Physicians need to be aware that each state is unique in how it regulates medical expert witnesses, says Holly Miller, Esq., governmental affairs counsel for the Florida Medical Association.
"Most states have their own set of expert witness rules, which may not protect defendant physicians," says Miller.
For example, Florida law now requires that an expert witness in a medical malpractice suit be of the "same" specialty as a defendant physician. Before the law was passed in 2013, the requirement stated that experts needed to be in the "same or similar" specialty.
"Florida courts' interpretation of this 'or similar' designation was problematic," says Miller. "It led to plaintiffs' attorneys using this loophole to convince the courts to allow general surgeons to testify against neurologists and gastroenterologists to testify against hospitalists, and so on."
Physician specialties vary considerably in terms of education, training, and specific standards of care. "It is patently unfair to the defendant physician, and misleading to juries, to permit expert witnesses from one specialty to testify against a physician practicing in another specialty regarding the proper standard of care," argues Miller.
Courts sometimes make exceptions
While the general rule in many states is that the testifying expert has to be from the same specialty as the physician defendant, courts sometimes will make exceptions, says Thomas R. McLean, MD, JD, CEO of American Medical Litigation Support Services in Shawnee, KS.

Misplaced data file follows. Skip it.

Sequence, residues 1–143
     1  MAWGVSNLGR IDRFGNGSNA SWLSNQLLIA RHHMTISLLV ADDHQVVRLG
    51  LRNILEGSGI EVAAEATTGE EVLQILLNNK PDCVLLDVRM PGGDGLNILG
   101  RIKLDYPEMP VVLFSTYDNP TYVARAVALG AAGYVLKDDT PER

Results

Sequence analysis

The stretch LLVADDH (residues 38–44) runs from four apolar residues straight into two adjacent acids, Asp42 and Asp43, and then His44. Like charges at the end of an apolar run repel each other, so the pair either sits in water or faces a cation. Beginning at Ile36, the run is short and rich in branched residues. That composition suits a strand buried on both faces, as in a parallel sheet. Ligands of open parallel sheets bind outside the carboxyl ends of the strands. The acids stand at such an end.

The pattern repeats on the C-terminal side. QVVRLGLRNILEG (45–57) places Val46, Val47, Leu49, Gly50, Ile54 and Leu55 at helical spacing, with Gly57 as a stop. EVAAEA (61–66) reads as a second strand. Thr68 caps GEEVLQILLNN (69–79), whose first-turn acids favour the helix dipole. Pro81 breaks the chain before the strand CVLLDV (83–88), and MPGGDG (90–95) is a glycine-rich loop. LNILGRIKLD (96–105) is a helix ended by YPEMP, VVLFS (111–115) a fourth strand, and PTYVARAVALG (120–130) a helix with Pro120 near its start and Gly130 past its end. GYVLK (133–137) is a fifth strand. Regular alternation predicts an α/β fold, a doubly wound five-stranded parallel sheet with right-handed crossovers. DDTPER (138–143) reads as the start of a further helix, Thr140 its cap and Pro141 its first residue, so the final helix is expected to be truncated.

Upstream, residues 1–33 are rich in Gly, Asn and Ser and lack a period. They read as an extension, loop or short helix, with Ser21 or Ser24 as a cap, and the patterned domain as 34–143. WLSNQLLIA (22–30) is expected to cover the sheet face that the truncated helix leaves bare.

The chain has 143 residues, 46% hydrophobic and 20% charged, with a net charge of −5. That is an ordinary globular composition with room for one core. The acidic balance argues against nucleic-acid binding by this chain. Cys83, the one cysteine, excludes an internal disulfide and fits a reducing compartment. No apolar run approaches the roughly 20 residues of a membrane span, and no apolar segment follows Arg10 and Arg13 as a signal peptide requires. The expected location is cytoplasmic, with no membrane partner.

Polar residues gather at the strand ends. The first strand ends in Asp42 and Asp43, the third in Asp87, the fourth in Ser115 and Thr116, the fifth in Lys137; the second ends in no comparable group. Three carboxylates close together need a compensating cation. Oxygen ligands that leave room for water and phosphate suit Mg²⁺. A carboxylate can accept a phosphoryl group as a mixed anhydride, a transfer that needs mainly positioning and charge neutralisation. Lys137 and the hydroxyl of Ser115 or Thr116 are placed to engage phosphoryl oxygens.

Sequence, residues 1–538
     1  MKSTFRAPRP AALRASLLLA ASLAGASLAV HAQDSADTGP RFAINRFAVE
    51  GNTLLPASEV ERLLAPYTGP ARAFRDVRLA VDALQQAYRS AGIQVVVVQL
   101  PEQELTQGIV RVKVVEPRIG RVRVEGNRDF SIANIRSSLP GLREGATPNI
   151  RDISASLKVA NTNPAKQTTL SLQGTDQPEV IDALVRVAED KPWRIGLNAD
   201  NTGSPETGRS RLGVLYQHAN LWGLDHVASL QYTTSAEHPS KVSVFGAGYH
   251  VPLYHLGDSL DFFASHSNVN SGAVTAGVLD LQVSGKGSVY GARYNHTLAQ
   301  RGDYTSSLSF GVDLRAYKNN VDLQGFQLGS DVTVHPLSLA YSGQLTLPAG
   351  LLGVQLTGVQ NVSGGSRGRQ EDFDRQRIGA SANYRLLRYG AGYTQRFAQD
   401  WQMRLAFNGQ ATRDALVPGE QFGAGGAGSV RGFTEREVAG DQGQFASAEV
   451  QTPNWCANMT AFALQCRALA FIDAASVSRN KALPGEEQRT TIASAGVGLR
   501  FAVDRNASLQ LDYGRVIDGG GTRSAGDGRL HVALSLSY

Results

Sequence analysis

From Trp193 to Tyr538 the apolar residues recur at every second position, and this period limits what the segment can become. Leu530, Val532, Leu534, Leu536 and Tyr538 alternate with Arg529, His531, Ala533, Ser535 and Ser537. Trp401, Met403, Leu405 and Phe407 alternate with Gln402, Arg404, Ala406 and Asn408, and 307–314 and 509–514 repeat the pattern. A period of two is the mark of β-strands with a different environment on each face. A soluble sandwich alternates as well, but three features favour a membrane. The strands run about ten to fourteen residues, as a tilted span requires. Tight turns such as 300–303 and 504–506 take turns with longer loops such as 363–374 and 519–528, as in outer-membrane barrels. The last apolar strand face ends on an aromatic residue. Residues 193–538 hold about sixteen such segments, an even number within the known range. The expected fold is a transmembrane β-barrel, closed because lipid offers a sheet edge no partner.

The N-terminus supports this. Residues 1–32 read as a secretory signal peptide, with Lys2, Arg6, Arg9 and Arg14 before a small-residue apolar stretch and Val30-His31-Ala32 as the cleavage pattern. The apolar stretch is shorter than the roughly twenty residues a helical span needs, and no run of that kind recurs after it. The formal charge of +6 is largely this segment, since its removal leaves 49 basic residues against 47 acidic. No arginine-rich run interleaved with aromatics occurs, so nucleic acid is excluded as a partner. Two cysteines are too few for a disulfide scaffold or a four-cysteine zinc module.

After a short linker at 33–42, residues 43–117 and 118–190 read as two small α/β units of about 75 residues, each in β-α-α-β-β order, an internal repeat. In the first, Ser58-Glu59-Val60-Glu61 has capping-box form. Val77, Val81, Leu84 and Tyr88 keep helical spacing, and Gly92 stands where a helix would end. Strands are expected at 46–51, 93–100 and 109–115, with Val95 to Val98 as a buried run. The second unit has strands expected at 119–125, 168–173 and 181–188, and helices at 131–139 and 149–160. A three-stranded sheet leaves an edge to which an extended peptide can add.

McLean was an expert witness in a malpractice case involving a board-certified pediatric surgeon, and the opposing side argued that he should be disqualified because he was board-certified in general surgery. "In that particular case, the judge ruled that I could testify, since the case involved an issue of postoperative care which was common to both areas," he says.
It would have been difficult for the other side to find a board-certified pediatric surgeon to testify because of the scarcity of physicians in that particular subspecialty, he adds. In another case, an expert was allowed to testify despite not being licensed in Tennessee, thus circumventing a requirement for experts to be familiar with the practice of medicine in that state. The expert was allowed to testify because evidence showed he practiced in a rural setting very similar to that of the physician defendant.
While exceptions are made, says McLean, "you have to have a good argument for why there are special circumstances." (See related story, below, on other expert witness requirements.)
- B. Sonny Bal, MD, JD, MBA, Professor of Orthopaedic Surgery, University of Missouri School of Medicine, Columbia. Phone: (573) 882-6762. Fax: (573) 882-8200. Email: BalB@health.missouri.edu.
- Thomas R. McLean, MD, JD, American Medical Litigation Support Services, Shawnee, KS. Phone: (913) 526-5526. Email: firstname.lastname@example.org.